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Patrick Kelly successfully defends PhD thesis

Patrick Kelly & Mary Wilson

On April 7, 2017, Patrick Kelly successfully defended his thesis titled "A Punch to the Midgut: Leishmania Interactions with the Sand Fly Gut Microbiome:." He is pictured with his mentor Dr. Mary Wilson.


The Leishmania spp. are kinetoplastid protozoan parasites that cause a spectrum of highly prevalent and neglected tropical diseases known as leishmaniasis. The parasites must undergo two life forms during their life cycle, the first being the extracellular promastigote life stage within the gut of the sand fly vector. During this stage, other organisms that co-inhabit the sand fly gut, collectively known as the microbiome, interact with parasites during their development. Based on the hypothesis that the gut microbiome can influence parasites during their extracellular life stage, he sequenced midgut microbiomes of the sand fly Lutzomyia longipalpis with or without L. infantum infection. The data revealed microbial richness and phylogenetic diversity of the gut microbiome progressively decreases in infected sand flies over time. Importantly, antibiotic-mediated perturbation of the gut microbiome halts parasite replication and development to infectious metacyclic forms and bacterial conditioned media inoculated to parasite cultures in vitro suppresses total metacyclic populations. Collectively, these data suggest the sand fly midgut microbiome is a critical factor for Leishmania growth and differentiation prior to disease transmission.

The second life stage of Leishmania is the intracellular amastigote life stage after internalization of host phagocytic cells, such as macrophages. Characterization of exosomes from Leishmania-infected human macrophages and their effect on the immune response has not been extensively investigated. Proteomic LC-MS/MS stable isotopic dimethyl labeled comparisons of infected and uninfected MDM exosomes identified 484 human and 21 Leishmania spp. proteins between four donors. Proteins significantly less abundant in exosomes derived from infected MDMs were HLA-II, and galectin-3 binding protein, whereas proteins more abundant included serotransferrin and Galectin-9. Exosomes from infected MDMs treated on naïve MDMs did not induce resistant to L. infantum infection or displayed increased gene expression of the pro-inflammatory cytokines. To date, this work is the first to comprehensively identify the proteome in primary human MDM exosomes during Leishmania infection, and to determine the impact of these exosomes on the immune response of other naïve human MDMs.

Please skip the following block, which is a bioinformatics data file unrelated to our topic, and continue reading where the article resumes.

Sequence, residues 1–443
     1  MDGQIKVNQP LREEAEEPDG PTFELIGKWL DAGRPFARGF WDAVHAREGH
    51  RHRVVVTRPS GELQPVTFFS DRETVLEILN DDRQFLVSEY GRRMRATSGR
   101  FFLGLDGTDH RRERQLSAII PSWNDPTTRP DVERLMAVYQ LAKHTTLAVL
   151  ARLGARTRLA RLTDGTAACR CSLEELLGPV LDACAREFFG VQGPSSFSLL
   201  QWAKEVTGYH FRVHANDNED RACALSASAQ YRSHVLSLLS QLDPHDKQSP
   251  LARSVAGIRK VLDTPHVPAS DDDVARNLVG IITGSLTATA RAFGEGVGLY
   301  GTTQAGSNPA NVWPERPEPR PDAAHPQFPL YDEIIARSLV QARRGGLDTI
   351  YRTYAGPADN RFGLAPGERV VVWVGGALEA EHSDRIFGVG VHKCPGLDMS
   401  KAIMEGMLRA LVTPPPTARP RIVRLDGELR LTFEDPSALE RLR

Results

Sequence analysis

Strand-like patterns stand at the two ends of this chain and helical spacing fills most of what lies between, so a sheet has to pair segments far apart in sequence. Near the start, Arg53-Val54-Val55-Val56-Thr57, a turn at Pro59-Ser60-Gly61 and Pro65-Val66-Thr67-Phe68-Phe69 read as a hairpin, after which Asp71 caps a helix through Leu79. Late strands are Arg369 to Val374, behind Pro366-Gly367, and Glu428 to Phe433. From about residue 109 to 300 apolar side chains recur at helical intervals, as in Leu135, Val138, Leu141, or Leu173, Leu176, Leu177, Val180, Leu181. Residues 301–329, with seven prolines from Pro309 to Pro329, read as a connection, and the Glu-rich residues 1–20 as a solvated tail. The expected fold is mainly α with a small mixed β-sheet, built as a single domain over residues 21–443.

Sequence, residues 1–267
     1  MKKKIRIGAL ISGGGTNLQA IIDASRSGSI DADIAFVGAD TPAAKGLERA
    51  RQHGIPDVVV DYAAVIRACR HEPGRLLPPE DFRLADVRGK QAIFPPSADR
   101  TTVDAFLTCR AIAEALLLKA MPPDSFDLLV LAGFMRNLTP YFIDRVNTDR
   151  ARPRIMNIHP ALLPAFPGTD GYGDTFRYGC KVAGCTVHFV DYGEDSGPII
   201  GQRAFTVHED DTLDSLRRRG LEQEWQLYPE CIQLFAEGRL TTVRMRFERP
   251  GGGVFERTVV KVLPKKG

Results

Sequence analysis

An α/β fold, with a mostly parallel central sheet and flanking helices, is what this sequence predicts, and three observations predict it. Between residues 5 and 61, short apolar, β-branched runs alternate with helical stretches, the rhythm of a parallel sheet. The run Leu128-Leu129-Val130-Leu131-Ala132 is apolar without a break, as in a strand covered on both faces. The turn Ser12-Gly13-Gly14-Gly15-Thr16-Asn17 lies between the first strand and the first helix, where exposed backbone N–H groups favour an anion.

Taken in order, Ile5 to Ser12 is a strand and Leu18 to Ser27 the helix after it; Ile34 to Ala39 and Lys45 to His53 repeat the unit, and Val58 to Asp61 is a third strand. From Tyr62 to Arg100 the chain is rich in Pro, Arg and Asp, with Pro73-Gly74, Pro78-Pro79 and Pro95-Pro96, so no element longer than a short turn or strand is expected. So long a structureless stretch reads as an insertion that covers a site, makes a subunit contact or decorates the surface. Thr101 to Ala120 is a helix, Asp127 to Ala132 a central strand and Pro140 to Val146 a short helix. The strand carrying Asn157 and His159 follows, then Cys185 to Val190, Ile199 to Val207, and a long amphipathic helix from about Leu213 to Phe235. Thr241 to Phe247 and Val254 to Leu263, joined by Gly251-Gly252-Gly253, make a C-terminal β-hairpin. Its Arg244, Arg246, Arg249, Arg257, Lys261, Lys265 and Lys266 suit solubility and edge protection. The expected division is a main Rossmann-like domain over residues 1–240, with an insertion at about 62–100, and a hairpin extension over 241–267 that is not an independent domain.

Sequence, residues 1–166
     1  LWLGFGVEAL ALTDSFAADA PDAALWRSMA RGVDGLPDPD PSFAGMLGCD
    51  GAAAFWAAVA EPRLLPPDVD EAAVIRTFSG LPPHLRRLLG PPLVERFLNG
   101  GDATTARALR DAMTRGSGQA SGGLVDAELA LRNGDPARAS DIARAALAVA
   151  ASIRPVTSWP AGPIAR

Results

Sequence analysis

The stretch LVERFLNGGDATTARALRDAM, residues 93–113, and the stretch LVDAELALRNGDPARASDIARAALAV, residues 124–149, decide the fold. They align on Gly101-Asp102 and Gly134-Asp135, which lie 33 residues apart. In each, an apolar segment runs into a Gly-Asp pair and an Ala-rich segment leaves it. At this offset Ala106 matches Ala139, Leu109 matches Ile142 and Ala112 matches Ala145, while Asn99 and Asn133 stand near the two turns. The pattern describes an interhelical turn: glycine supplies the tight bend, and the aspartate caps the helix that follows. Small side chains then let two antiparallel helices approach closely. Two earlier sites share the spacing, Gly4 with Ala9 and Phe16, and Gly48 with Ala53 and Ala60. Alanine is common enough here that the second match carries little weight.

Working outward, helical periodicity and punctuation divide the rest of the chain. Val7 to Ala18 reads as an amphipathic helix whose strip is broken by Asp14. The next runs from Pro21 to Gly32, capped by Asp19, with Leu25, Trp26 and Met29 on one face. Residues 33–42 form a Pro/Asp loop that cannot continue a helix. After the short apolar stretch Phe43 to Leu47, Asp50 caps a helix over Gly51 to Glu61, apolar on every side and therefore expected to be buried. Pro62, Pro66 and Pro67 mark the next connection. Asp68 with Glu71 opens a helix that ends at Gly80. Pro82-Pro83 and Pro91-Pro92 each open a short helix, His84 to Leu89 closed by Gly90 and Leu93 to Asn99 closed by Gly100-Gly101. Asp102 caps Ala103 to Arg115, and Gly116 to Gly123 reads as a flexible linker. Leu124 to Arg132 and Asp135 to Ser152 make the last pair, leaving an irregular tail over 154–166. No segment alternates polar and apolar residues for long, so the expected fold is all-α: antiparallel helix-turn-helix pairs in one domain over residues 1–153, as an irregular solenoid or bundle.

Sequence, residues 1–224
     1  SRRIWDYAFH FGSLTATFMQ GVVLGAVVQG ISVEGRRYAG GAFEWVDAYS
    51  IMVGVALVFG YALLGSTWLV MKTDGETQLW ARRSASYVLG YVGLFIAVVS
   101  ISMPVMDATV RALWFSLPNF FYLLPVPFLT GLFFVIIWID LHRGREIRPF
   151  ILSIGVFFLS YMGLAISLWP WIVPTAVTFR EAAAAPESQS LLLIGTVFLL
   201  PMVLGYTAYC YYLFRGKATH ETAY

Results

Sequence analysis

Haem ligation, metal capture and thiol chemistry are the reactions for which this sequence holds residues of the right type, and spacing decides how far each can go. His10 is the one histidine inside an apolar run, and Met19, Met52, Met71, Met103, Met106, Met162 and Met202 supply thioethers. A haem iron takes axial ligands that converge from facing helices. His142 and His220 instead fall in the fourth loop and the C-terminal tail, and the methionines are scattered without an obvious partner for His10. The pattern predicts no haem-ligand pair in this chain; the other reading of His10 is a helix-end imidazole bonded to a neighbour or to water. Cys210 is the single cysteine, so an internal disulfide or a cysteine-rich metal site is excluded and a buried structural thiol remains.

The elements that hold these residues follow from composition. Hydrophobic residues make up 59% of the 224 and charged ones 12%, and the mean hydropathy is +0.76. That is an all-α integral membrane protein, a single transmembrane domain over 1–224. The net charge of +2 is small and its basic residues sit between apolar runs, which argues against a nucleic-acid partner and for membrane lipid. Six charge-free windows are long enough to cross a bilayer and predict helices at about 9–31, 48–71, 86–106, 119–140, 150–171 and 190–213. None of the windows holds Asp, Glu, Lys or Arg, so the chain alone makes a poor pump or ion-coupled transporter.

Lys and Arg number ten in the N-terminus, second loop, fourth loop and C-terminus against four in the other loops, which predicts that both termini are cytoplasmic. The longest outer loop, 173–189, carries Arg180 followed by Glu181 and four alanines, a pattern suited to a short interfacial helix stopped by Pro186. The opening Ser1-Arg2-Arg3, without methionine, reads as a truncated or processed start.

About Patrick

As the eldest of three, Patrick grew up in the small village of Roscommon in northern Michigan. His passion for insects and science began as a young child while accompanying his father on an insect collection project for an entomology class at the local community college. From there, his interest and curiosity in entomology grew immensely. During his time in elementary school, one could find Patrick saving ants and grasshoppers from the torment of other students on the playground. In his later years, he even convinced his mother to keep an active wasp nest alive since the nest would be abandoned in the subsequent winter months anyway.

The entomological force was strong within Patrick, and he graduated from Michigan State University with a BS in entomology in three years. During his tenure at MSU, he worked on a project studying the mosquito transmission of West Nile Virus in migratory bird populations in Chicago, IL, and subsequently joined the Wilson lab and the Department of Microbiology at the University of Iowa to study Leishmania and their interaction with gut bacteria within their sand fly vector. After graduation, Patrick has plans for a post-doc at the National Institutes of Health in Rockville, MD in the lab of Dr. Jesus Valenzuela continuing his work on the sand fly gut microbiome.

Outside of the lab, Patrick is typically playing with his beloved Pomeranian-Chihuahua Iggy, attending music concerts and festivals, or finding excuses to travel. He has traveled to ten different countries and speaks three languages. At the moment he is an active crossfitter and is currently training for a 100-mile ultramarathon.

Monday, April 10, 2017